Caprice No. 5 (Paganini)

Caprice No. 5 is one of 24 pieces composed by virtuoso violinist Niccolò Paganini in the early 19th century. The piece is known for its incredible speed and extremely high technical difficulty. Paganini is said to have been able to play it on one string, but there is no evidence to support or refute this.[1]

Transcription for other instruments

The piece has been transcribed for many instruments: saxophone, piano, cello, accordion, and guitar.

The piece is also associated with the movie Crossroads (1986 film) as "Eugene's Trick Bag",[2] which was written and performed by Steve Vai and heavily inspired by the caprice.

The first recorded true transcription of the piece appeared on Eliot Fisk's landmark recording that transcribed the entire 24 Caprices for the classical guitar.

Influence on contemporary music

Though written for the violin, the piece has also become known amongst guitarists, particularly because of its appeal to the technical proficiency of the shred guitar genre, as seen from virtuoso Jason Becker's version of the piece, re-arranged for electric guitar (see External Links) and for Yngwie Malmsteen's use of Paganini inspired techniques in his music. Yngwie Malmsteen created a guitar tab transcription (although, it deviated from the original score) for the piece in an issue of Guitar World magazine. The following are examples of the piece in modern music:

  • The piece has also inspired rapper Busdriver for the intermission part of his song "Imaginary Places".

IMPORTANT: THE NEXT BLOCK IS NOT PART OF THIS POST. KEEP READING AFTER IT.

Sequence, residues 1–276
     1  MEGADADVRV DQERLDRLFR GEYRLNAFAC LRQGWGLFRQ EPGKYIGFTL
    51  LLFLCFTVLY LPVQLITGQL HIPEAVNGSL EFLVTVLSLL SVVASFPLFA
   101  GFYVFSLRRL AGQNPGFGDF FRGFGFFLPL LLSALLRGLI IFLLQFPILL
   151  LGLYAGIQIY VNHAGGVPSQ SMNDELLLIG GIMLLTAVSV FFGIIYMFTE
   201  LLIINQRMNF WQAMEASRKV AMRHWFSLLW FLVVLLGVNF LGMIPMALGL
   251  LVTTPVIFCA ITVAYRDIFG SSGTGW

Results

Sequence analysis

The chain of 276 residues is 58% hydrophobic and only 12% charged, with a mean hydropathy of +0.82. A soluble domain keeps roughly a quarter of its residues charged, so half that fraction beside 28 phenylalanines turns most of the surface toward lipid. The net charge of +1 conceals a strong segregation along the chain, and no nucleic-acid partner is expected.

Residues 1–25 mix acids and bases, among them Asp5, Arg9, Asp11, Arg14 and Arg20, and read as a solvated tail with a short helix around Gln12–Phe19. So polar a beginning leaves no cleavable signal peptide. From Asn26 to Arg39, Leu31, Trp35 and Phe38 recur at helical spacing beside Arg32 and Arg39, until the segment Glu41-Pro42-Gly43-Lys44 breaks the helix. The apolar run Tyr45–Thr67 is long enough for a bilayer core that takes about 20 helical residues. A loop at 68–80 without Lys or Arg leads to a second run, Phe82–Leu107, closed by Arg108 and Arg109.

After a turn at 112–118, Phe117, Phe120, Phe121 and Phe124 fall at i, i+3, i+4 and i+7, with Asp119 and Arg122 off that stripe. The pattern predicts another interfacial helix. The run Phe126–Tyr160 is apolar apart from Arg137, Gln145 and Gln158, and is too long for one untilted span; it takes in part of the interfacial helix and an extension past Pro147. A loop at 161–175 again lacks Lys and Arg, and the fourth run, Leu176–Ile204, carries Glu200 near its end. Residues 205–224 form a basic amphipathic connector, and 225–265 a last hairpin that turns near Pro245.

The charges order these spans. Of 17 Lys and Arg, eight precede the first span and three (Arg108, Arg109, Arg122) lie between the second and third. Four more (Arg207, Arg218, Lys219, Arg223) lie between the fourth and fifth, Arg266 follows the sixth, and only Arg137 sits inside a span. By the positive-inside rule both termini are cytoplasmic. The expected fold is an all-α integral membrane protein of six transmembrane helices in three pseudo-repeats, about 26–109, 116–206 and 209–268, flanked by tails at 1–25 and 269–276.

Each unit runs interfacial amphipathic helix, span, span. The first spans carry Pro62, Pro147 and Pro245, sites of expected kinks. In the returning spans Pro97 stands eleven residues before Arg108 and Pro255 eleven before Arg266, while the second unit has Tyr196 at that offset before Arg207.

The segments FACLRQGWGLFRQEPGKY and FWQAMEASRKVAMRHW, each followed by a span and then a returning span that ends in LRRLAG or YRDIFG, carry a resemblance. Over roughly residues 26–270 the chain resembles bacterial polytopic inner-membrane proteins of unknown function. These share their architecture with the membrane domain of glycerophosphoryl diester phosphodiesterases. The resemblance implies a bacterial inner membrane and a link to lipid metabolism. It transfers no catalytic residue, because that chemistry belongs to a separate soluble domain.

• The title track of Michael Angelo Batio's No Boundaries contains an arrangement of the piece.
  • Finnish neo-classical metal band Virtuocity used a variation in the song "Eye for an Eye" on their debut album Secret Visions.
  • German heavy metal band Domain also uses a variation in the solo for their song "Warpath" on the album The Sixth Dimension.
  • Joe Stump uses elements of the piece in the track "Paganini's Revenge" from the album Guitar Dominance.[3]
  • The first notes of the composition are used in The Faint's album, Wet From Birth at the beginning of the first track, "Desperate Guys".

References in contemporary art

Cory Arcangel produced a mashup video,[4] or Caprice No. 5 supercut, for his 2011 Solo show at the Whitney Museum of American Art.


  1. Paganini, Mai Kawabat. 303 pages. Boydell Press (2013). ISBN 978-1843837565
  2. Milward, John (20 December 1987). "Lettin' it slide: Guitarist Ry Cooder won't follow rock trends". Chicago Tribune. Chicago. p. C28.
  3. Guitar Dominance! (CD edition liner notes).
  4. Arcangel, Cory. "Paganini Caprice No. 5 — Cory Arcangel's Official Portfolio Website and Portal". Cory Arcangel's Official Portfolio Website and Portal. Retrieved 2 October 2017.
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